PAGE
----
Antique Finishes

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Antique Finishes

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Thank you for taking an interest in this Book Arts E-book.
Other e-books and manuals on the subject of the Book Arts and Gilding are available for free download
from the Eden Workshops website.
http://www.edenworkshops.com
If you are interested in gilding in particular please do check out our website at:
http://www.gold-vault.com
For nearly 20 years my wife Margaret & I ran a system of craft workshops devoted to the exploration of
the Book Arts.
During that time we worked in almost total isolation and seclusion in the grounds of a very private
monastery in rural England. We developed four book related skills; hand book binding, paper marbling
and book edge marbling, printing & box making and took those skills to high levels of excellence.
In 1997 after nearly 20 years running the Eden Workshops we were voted a National Living Treasure by
Country Life magazine for our contribution to the Book Arts.

In 2004 we decided to close our workshops and move out here to Southern France, I now concern
myself with teaching and have the time to concentrate on aspects of the book arts that interest me.
I can be contacted via email. Richard Norman [email protected]
Or by telephone, from the UK 0033 (0) 555 712142

To make this manual easier to consult I have colour coded each relevant section.
The text for the basic instruction manual is written in black.
The text for the recipes section is written in green.
The text for the instructions which are intended for use with the kits I supply is written in red.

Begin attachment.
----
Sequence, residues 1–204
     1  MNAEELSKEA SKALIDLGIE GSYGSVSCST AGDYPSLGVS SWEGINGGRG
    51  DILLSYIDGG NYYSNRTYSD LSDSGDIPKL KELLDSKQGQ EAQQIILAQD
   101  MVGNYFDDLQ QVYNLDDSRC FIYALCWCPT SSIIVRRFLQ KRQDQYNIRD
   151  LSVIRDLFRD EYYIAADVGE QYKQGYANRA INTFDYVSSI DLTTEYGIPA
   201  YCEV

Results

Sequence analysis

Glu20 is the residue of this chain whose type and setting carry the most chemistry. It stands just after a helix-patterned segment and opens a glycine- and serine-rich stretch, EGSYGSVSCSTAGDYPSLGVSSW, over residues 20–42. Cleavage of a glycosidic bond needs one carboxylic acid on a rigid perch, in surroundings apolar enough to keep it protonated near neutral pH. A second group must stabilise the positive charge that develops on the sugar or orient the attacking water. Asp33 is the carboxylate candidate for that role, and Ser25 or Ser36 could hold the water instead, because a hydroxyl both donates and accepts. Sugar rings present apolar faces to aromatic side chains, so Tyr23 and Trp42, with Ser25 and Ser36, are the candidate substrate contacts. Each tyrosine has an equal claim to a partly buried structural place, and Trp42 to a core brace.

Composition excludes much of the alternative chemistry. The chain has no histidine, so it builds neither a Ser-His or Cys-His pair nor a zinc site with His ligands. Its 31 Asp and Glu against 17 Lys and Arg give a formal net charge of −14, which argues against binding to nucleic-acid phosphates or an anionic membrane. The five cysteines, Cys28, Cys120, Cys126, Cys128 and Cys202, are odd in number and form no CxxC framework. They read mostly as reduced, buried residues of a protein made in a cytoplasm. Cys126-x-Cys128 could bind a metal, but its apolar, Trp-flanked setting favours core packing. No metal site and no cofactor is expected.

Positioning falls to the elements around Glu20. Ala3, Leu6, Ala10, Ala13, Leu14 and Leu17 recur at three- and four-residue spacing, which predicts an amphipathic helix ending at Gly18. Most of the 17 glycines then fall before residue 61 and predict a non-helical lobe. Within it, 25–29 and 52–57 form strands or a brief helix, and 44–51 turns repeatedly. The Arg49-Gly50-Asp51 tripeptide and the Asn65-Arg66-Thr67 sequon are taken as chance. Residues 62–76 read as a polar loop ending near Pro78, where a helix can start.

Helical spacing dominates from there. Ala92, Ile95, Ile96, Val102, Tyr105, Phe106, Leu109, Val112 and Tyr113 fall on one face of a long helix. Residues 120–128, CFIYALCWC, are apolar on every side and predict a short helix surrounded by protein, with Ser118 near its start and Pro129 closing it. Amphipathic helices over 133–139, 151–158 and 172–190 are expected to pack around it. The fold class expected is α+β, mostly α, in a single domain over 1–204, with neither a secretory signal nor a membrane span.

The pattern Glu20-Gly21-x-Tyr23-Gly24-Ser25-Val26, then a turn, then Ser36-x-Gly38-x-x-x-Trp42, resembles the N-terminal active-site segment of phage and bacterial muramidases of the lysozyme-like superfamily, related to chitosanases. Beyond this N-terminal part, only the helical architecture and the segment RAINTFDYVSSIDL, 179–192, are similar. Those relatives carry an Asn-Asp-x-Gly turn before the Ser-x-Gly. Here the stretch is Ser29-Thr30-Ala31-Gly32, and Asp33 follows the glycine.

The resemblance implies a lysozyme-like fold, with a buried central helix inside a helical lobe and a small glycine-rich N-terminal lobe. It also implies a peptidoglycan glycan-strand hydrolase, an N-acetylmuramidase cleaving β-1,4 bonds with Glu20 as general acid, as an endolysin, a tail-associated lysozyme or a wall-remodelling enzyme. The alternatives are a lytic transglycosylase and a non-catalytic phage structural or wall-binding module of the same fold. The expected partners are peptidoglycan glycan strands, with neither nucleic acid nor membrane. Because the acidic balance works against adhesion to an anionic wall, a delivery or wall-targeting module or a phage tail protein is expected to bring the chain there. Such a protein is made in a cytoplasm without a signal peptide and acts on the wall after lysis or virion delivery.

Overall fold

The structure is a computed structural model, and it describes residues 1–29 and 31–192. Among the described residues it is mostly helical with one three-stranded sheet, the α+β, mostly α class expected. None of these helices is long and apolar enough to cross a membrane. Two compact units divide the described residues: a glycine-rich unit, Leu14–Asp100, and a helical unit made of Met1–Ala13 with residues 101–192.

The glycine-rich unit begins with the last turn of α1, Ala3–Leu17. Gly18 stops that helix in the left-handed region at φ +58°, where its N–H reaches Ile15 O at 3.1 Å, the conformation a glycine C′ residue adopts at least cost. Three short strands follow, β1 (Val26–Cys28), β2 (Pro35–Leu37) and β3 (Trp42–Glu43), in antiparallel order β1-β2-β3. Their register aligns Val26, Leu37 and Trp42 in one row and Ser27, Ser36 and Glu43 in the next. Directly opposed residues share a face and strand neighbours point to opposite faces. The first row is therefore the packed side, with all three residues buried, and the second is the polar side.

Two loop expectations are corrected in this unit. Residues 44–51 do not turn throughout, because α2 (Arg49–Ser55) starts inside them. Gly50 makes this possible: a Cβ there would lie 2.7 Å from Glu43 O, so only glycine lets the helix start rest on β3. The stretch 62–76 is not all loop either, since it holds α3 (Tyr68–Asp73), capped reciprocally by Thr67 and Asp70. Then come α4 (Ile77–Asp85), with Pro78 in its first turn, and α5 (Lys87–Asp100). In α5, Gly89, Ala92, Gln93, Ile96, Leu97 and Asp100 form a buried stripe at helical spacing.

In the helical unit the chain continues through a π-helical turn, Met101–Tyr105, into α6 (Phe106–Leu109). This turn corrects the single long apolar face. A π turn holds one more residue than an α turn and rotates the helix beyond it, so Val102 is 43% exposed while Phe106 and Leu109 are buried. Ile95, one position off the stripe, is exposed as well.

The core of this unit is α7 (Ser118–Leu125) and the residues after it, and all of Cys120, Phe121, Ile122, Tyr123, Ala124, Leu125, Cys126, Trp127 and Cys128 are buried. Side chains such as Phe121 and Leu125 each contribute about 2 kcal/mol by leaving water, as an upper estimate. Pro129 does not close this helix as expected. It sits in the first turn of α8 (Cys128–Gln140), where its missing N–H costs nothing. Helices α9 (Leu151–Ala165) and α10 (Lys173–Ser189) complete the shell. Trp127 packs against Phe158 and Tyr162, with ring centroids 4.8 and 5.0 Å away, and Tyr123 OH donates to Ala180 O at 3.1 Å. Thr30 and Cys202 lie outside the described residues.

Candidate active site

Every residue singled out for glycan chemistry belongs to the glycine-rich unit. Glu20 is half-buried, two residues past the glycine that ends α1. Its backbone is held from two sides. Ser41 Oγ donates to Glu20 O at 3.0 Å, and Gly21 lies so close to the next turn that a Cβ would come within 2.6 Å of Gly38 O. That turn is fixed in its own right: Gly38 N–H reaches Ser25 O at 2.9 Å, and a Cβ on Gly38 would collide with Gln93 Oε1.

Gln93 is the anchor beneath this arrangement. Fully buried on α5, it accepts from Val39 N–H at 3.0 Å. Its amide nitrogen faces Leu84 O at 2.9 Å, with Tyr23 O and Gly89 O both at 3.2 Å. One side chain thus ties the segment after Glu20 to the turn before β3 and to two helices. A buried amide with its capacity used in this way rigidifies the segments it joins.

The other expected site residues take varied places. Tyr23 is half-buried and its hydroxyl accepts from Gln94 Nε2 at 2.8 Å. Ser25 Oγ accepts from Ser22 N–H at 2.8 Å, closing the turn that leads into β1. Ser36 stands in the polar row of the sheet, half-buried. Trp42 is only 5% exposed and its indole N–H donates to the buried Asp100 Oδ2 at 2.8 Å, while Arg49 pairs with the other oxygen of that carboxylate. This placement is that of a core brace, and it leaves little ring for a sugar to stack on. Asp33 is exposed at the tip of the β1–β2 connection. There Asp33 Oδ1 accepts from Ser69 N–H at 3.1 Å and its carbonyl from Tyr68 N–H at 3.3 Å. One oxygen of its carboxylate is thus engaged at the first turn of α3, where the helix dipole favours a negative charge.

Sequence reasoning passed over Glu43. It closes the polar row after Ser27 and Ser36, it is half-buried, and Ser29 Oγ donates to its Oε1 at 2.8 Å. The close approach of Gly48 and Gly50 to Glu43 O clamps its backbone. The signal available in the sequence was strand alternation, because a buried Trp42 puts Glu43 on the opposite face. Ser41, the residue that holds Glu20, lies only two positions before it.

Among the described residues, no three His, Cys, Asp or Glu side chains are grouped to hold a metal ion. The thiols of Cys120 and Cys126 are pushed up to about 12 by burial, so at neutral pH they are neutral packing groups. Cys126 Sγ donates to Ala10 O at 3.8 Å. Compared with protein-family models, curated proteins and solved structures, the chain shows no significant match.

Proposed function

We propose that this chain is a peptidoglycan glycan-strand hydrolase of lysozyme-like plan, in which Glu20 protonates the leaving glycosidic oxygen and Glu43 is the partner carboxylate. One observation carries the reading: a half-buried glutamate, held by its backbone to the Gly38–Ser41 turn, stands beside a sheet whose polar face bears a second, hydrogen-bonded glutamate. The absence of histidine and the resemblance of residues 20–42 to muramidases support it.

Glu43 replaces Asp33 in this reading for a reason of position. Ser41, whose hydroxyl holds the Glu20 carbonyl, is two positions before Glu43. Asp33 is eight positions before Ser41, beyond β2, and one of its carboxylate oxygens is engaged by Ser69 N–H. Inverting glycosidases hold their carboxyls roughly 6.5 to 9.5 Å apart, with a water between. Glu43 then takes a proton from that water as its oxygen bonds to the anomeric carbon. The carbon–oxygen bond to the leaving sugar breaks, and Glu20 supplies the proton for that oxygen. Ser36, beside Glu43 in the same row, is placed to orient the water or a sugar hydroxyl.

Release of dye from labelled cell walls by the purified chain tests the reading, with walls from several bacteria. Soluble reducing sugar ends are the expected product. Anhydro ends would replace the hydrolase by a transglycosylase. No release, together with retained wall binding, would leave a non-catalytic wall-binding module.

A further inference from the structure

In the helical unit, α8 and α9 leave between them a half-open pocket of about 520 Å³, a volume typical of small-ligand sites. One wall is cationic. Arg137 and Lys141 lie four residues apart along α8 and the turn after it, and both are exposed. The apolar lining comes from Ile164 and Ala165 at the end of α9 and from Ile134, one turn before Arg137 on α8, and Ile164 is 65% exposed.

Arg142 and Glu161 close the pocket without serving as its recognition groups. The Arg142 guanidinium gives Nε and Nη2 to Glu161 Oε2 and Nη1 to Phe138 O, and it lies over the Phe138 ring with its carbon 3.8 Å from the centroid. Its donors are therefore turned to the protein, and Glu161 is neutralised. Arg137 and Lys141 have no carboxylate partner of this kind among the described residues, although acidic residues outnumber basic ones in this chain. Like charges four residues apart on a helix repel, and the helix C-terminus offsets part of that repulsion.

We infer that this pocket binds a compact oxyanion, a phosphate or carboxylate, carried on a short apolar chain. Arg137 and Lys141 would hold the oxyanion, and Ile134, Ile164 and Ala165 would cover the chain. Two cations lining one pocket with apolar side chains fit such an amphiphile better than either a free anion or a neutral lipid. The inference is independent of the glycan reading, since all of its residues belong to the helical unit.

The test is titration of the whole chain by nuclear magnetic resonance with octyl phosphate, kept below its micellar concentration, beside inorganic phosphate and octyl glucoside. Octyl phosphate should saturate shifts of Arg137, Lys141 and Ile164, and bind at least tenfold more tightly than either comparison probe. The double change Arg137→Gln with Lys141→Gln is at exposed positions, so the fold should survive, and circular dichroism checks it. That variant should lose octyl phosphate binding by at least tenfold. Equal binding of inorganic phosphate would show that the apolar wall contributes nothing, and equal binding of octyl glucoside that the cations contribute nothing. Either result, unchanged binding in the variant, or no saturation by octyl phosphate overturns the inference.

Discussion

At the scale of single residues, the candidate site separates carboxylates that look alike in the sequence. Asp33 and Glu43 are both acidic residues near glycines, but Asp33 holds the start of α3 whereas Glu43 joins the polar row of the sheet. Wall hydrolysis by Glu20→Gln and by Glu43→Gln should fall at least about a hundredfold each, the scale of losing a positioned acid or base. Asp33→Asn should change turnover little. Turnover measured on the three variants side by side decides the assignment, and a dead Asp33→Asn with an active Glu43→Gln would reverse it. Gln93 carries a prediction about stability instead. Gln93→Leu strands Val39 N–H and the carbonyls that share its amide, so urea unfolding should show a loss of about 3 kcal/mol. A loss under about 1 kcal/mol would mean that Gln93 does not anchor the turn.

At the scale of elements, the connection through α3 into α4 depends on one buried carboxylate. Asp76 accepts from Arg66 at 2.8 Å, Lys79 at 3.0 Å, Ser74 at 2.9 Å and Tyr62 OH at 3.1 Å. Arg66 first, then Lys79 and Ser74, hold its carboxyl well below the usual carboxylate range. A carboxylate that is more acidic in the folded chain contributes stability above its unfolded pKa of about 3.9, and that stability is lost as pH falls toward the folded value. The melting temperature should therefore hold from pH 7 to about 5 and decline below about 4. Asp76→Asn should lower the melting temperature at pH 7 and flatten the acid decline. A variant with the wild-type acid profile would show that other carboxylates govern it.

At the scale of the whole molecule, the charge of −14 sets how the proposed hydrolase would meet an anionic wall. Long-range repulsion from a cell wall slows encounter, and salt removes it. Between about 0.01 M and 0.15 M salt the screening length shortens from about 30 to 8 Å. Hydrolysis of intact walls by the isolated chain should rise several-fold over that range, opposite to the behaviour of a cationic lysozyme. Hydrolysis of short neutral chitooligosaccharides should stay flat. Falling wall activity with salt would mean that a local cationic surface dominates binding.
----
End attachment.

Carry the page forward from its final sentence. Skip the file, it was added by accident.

How to Achieve Antique and other Distressed Finishes to Composition Gold Leaf.
Richard Norman 2006

If you have purchased any of the gilding kits from our web site you will find instructions for
their use at the end of this manual, unless experienced I advise you to read through the
manual before attempting to mix and apply the ingredients so as to get a feel for what we
are doing here.
This manual should take all the mystery out of using gold leaf and how to achieve a number of
antique finishes, but please do note that all recipes pertain only to materials purchased from my
web site, these recipes may or may not work with different materials, this is the truth, materials
can vary greatly, for example no two gesso powders have been the same in my experience.
All of the materials and what little equipment you need are available from the
www.gold-vault.com website, there are also kits available which will enable you to achieve
all the finishes listed here.
Right at the start let me say that I no longer use genuine gold leaf except when the customer asks
for it, the job really demands it, or I simply want to use it.
I suppose now I use composition gold leaf about 90% of the time, I have found ways to make this
cheap and versatile material look just the same as genuine gold leaf. Here is an example of what I
mean.

Can you tell the difference?
Both pieces of work have had a crackle glaze and an antique glaze applied to them.
Ok, let us start by seeing what equipment you need to gild successfully.
Equipment & Materials.
First off you will need a “Gilders Cushion” this is a
must as this is the surface you will handle your gold on.
The surface of the cushion is made from a piece of
sheepskin with the grain reversed that is to say with the
suede side showing. You can make your own cushion
quite easily, or buy one, it’s up to you.
This cushion should never be handled with your fingers
if you can help it; the idea is that this surface should
remain completely free from any grease whatsoever.

Next is a “Gilders Knife”, you can use a
regular dinner knife, but make very sure
that the edge is not sharp or it will cut
through the sheepskin cushion, you want a
slightly rough edge to the blade not sharp.
To give you some idea of the edge it should have, bear in mind that gilders in ages gone by used
to sharpen their knives on the kitchen step, so do remember this if you plan on using a knife of
your own. The knives I supply will last several lifetimes; they are Sheffield steel with genuine bone
handles.
You will need some fine grade “Pumice
Powder”. This is used to de-grease the
cushion prior to using the gold leaf. A